NIOSH Light-Emitting Diode (LED) Cap Lamp Improves Illumination and Decreases Injury Risk for Underground Miners
DHHS (NIOSH) Publication Number 2011-192
A Story of Impact:
Working in an underground mine presents many unique challenges. One significant challenge is providing adequate lighting for miners to work safely. The Illuminating Engineering Society of North America (IESNA) identifies an underground coal mine as the most difficult environment in the world to illuminate,1 yet miners depend most heavily on vision to identify and avoid hazards as they navigate their work environment.2 Many of the higher frequency risks in mining are related to the challenge of inadequate lighting. This includes slip, trip, and fall (STF) hazards which can be more difficult to detect in low light: in 2007 there were 254 STF injuries among underground miners.3 Inadequate light can also prevent a miner from seeing an approaching machinery hazard; 31 miners were fatally pinned or crushed by machinery between 1983-2009.4
With increased age can come decreased visual abilities, particularly in low light environments. The average age of the mining workforce is 45 years;5 as the mining workforce ages, the need for effective underground lighting becomes even more pressing.
Traditional mine lighting consists of a low level of background light, along with a high-intensity, yellow-tinted incandescent spot light from a miner’s cap lamp or piece of machinery. This traditional method, with a narrow beam of bright light fixed in a single location, is not very adaptable to the variety of lighting needs that a miner may encounter. There is also a risk of decreased visibility from the glare of this spotlight. One study found 78% of test subjects complaining of glare from traditional lighting systems.6
Authors of NIOSH Light-Emitting Diode (LED) Cap Lamp —John Sammarco, Timothy Matty, and Grant King; Office of Mine Safety and Health Research; NIOSH—received the 2011 Bullard-Sherwood r2p Award in the Technology category. Miguel Reyes, Timothy Lutz, Justin Srednicki, Alan Mayton, Sean Gallagher, Mary Ellen Nelson, and Albert Cook conducted human subject testing.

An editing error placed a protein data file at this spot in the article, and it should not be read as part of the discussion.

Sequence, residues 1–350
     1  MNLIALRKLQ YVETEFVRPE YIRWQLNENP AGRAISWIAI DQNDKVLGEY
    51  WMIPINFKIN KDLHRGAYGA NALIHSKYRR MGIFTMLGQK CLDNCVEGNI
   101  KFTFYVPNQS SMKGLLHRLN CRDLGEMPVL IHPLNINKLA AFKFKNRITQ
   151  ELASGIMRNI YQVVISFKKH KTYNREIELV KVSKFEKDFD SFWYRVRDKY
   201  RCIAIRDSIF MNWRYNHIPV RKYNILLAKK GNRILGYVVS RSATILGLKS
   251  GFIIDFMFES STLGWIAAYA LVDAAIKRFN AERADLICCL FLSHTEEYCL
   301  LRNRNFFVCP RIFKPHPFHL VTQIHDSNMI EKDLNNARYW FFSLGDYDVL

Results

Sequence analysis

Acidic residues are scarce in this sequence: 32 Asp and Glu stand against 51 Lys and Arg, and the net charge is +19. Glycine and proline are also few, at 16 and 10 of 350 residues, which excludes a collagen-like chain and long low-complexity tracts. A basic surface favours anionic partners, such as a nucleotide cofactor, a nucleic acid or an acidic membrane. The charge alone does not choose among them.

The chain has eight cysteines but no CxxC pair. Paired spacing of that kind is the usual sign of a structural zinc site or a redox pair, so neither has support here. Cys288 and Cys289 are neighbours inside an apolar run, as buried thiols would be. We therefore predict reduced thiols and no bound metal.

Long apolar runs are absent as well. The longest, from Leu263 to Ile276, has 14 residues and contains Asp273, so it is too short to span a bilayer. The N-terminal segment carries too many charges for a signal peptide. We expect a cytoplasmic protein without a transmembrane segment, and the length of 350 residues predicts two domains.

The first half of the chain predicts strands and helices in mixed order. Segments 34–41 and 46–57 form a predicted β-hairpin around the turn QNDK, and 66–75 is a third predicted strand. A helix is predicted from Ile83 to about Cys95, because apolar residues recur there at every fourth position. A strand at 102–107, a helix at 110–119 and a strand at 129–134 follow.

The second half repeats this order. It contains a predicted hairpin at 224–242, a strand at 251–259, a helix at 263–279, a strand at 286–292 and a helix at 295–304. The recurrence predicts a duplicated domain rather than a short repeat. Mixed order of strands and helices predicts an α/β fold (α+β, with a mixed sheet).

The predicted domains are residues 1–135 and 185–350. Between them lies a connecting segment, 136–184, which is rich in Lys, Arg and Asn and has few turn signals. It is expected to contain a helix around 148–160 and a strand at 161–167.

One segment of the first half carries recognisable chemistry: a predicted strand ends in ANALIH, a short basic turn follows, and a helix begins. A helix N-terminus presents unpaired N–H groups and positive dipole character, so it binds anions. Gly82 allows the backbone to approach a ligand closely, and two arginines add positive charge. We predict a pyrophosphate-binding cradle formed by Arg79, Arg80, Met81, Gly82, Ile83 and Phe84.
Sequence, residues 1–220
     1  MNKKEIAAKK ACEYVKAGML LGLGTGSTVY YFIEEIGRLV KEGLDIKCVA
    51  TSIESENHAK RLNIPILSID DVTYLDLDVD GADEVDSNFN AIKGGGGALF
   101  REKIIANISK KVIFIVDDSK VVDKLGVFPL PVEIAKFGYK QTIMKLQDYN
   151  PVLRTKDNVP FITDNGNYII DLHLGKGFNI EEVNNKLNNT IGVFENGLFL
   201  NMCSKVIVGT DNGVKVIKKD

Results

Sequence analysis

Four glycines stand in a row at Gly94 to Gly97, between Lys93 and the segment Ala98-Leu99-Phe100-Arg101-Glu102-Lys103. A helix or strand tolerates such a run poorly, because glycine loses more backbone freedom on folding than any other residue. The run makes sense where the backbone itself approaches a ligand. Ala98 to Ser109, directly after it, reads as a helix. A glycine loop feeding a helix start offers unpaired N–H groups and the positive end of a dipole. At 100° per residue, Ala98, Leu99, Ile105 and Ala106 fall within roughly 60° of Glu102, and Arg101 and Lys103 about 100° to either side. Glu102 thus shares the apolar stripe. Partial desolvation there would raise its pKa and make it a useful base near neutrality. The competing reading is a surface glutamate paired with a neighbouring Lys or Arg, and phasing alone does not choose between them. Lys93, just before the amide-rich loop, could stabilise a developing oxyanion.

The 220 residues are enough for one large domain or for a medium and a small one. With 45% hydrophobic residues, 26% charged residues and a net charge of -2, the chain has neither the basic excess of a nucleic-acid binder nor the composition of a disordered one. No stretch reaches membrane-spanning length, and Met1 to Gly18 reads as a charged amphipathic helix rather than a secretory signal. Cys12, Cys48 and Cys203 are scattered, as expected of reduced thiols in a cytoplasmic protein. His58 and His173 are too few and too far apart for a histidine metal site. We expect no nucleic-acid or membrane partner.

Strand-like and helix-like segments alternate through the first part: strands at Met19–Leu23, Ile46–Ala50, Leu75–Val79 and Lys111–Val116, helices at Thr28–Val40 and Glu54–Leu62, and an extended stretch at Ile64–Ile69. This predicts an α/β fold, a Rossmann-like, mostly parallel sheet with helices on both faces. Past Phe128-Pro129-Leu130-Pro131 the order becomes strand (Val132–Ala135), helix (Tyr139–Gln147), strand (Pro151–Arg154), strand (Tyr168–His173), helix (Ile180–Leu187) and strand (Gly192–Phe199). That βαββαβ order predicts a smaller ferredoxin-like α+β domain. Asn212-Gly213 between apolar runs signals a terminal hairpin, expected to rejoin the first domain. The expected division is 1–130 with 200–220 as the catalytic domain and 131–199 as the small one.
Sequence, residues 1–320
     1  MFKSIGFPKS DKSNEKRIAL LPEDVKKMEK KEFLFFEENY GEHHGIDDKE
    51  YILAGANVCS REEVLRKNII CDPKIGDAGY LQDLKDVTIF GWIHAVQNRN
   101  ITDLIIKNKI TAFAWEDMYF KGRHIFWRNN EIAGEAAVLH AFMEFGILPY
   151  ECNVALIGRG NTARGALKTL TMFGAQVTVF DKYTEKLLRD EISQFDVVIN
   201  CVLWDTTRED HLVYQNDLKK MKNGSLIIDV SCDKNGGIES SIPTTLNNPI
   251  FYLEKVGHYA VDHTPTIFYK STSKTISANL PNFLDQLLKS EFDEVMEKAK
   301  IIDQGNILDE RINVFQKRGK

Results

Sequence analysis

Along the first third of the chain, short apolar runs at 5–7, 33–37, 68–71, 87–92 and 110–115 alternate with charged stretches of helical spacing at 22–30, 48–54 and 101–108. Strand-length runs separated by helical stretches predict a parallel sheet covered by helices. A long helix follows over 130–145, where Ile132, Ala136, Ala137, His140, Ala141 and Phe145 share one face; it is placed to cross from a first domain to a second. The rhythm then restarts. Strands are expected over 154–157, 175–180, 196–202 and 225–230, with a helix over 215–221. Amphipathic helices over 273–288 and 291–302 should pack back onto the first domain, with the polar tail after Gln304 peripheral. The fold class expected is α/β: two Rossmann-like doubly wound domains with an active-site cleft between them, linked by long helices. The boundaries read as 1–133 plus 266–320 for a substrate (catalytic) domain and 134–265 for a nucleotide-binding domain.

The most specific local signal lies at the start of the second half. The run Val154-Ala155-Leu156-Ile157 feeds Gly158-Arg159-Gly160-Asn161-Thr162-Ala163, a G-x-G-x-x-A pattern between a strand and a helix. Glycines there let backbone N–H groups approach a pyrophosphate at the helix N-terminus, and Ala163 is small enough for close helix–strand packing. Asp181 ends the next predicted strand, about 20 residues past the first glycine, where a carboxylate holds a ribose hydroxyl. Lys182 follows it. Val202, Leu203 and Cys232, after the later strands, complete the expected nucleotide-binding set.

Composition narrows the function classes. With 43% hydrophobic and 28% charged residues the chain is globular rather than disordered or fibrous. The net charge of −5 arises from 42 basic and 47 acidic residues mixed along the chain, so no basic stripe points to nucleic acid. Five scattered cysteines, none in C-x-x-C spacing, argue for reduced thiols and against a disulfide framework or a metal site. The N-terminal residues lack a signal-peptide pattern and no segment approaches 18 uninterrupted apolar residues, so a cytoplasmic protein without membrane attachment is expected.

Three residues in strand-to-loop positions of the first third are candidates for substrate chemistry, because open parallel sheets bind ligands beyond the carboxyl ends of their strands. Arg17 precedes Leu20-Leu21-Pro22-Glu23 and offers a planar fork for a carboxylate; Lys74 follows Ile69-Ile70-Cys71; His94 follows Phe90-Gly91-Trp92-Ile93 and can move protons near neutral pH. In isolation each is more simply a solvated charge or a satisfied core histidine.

3 MSHA . Safety Alert: Slips, Trips, and Falls at M/NM Mines: January 2007-December 2007. Washington, DC: Mine Safety and Health Administration [http://www.msha.gov/Alerts/2008NSGASlipsFallsAlert.pdfpdf iconexternal icon].
4 75 Federal Register 5009 . Proximity Detection Systems for Underground Mines, Request for Information. (To be codified at 30 CFR parts 57 and 75.) [http://www.msha.gov/REGS/FEDREG/RFI/2010-1999.aspexternal icon.]
5 BLS . Table 16. Employed Persons by Detailed Industry, Sex, and Age, Annual Average 2009. Washington, DC: Bureau of Labor Statistics, Safety and Health Statistics Program. Private email message from web request form http://data.bls.gov/cgi-bin/forms/cps?/cps/contact.htmexternal icon to CTMoore@cdc.gov, June 3rd.
6 Sammarco J, Mayton A, Lutz T, Gallagher S . Discomfort Glare Comparison for Various LED Cap Lamps. In: Conference Record of the 2010 IEEE Industry Applications Conference: Forty-fifth IAS Annual Meeting, October 3-7, 2010, Houston, Texas. Piscataway, NJ: Institute of Electrical and Electronics Engineers, pp. 1-7.
7 Reyes M, Sammarco J, Srednicki J, Gallagher S. [in press]. Comparative Evaluation of Light Emitting Diode Cap Lamps with an Emphasis on Visual Performance in Mesopic Lighting conditions. Presented at the Proceedings of the IEEE Industry Applications Society 44th Annual Meeting, Orlando, FL.
8 BLS . Coal Mining Injuries, Illnesses, and Fatalities: Fact Sheets and Charts. Washington, DC: Bureau of Labor Statistics, Safety and Health Statistics Program [http://www.bls.gov/iif/oshwc/osh/os/osar0006.pdfpdf iconexternal icon].
10 Sammarco J, Reyes M, Gallagher S. . Do Light-Emitting Diode Cap Lamps Enable Improvements in Miner Safety? Min Eng 61(10): 43-49. [https://www.cdc.gov/niosh/mining/pubs/pubreference/outputid3311.htm].
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